Latest figures show that 57 transport workers in London have died from Covid-19.
The majority, 42, of these were bus workers, highly exposed by their employers' unforgivable foot-dragging over moving to middle-door boarding and implementing additional distancing measures. Eight of the deaths are of Tube/rail workers, with three from TfL offices, and three from outsourced employers.
These are not just statistics. These were 57 real people - workmates and friends, with families, who each leave people devastated by their loss. Their deaths reaffirm that transport workers, especially those who work in passenger-facing jobs, are at high risk. We must demand increased workplace safety.
On the Tube, a full train service is being run, despite ridership being at only 18% of pre-pandemic levels. Although there is some understandable nervousness about advocating service and staffing reductions in line with demand, and fears that bosses could make such cuts permanent, the emergency safety concerns must take precedence here. Only those workers who absolutely need to be in work in order to provide a safe, baseline essential service should be in. LU must ditch new guidance that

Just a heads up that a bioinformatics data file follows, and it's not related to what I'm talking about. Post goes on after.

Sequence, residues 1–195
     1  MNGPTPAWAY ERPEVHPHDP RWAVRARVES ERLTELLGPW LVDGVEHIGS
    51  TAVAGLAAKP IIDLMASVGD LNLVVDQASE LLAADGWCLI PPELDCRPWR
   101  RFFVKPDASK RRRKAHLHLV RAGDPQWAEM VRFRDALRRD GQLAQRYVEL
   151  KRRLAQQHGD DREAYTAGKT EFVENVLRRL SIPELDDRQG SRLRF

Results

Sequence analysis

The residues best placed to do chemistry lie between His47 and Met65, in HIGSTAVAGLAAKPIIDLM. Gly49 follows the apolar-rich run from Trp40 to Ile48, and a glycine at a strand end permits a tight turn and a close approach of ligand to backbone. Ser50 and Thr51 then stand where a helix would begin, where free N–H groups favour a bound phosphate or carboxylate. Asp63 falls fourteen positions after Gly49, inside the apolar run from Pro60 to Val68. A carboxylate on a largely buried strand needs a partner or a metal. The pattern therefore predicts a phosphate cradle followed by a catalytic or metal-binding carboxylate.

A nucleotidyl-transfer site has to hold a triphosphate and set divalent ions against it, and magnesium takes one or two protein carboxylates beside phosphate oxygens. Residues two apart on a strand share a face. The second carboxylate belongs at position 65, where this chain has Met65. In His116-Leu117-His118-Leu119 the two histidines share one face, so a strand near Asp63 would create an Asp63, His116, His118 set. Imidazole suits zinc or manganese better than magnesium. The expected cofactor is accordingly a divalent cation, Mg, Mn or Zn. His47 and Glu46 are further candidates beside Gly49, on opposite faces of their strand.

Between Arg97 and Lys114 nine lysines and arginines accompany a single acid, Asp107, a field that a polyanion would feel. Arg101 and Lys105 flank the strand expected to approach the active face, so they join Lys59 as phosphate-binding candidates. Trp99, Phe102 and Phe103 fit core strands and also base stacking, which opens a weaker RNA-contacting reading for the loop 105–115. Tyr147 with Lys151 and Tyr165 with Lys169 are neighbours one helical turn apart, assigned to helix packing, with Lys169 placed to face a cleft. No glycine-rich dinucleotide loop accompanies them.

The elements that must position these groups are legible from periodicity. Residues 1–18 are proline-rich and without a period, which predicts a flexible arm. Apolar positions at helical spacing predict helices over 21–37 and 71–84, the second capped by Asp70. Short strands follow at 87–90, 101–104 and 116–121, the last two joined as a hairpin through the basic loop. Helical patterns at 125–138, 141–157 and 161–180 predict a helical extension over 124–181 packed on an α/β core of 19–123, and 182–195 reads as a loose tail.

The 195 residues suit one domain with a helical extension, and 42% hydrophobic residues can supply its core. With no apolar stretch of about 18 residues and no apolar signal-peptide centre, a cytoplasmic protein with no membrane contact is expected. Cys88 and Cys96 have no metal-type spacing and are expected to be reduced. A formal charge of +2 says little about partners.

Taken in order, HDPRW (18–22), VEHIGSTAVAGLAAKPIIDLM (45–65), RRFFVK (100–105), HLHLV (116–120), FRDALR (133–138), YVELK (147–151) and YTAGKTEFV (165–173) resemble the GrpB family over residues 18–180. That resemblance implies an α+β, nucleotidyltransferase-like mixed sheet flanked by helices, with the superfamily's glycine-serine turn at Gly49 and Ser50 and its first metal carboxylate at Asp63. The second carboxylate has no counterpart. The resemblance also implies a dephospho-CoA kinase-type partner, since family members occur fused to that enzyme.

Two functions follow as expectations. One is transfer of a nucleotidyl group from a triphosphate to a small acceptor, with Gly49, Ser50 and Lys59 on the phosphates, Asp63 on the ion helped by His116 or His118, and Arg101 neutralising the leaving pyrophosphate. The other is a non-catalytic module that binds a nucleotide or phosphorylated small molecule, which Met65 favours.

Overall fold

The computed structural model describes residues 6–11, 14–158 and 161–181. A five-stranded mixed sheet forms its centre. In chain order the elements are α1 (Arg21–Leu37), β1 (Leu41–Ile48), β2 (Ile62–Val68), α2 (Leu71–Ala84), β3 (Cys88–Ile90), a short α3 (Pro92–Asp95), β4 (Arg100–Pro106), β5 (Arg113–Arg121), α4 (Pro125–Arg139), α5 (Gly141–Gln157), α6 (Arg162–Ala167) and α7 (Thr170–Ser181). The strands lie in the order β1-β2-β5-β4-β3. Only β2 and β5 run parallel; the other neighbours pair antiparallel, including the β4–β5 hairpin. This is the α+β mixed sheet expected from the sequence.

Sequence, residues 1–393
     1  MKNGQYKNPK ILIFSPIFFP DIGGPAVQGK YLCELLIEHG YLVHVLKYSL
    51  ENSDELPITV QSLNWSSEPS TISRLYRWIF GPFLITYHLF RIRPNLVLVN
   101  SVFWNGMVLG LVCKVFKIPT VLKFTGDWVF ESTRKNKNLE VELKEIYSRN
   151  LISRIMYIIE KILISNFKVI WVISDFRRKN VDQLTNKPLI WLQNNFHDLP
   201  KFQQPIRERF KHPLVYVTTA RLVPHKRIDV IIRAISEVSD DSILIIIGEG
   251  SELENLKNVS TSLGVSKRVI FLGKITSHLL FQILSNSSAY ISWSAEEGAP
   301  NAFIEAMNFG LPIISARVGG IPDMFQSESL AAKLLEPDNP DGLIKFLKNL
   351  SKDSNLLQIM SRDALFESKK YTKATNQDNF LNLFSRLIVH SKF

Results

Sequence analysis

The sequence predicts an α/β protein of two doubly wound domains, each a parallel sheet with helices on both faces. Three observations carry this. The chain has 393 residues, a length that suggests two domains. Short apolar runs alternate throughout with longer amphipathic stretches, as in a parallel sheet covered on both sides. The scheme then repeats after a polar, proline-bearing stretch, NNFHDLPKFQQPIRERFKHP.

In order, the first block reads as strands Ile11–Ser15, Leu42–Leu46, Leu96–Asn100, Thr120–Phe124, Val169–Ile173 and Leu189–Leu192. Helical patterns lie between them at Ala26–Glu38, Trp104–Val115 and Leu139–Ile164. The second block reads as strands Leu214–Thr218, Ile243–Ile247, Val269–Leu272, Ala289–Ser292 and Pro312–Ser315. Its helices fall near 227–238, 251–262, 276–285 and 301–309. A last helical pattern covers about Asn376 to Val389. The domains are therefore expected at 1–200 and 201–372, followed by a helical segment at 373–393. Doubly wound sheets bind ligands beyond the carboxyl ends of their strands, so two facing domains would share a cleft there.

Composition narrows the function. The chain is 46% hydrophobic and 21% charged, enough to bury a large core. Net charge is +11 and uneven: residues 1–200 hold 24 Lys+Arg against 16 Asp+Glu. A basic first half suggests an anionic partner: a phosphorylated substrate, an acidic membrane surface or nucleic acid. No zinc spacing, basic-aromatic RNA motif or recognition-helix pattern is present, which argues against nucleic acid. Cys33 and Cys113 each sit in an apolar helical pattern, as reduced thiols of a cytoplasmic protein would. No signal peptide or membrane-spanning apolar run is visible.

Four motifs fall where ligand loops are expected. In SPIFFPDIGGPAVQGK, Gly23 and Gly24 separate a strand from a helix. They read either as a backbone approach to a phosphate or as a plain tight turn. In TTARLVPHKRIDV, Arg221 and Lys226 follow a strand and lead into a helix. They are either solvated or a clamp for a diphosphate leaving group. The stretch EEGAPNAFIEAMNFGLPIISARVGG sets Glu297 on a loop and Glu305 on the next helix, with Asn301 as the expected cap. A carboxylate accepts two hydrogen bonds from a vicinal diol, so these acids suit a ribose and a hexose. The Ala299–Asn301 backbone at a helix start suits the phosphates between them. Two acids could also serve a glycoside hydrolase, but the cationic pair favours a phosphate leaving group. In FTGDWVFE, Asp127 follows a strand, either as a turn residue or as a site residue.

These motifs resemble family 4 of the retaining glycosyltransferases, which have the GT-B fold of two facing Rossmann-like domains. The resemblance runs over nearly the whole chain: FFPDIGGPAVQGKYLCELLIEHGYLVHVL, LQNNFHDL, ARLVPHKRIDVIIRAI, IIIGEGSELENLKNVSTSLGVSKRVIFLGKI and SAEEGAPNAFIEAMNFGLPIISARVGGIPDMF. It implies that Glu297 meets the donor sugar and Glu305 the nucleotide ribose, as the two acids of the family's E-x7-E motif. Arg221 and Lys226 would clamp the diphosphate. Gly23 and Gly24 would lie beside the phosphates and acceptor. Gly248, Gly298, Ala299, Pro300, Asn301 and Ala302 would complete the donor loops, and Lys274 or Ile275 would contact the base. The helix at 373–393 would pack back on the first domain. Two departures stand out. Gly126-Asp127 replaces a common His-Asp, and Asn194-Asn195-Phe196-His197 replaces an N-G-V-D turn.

RMT has rightly demanded temporary reductions in train services and the suspension of all non-essential engineering work. Staffing levels and shift allocation for station staff and outsourced workers including cleaners should be reviewed by local reps to ensure there is no staffing surplus above essential levels, and the maximum number of workers are able to follow the government's "stay at home" guidance, with no loss of pay.
Our unions should also take up a political fight for an expanded vaccination programme. It's right that more vulnerable people are prioritised, but an expanded programme could also expand prioritisation by extending it to frontline, public-facing workers.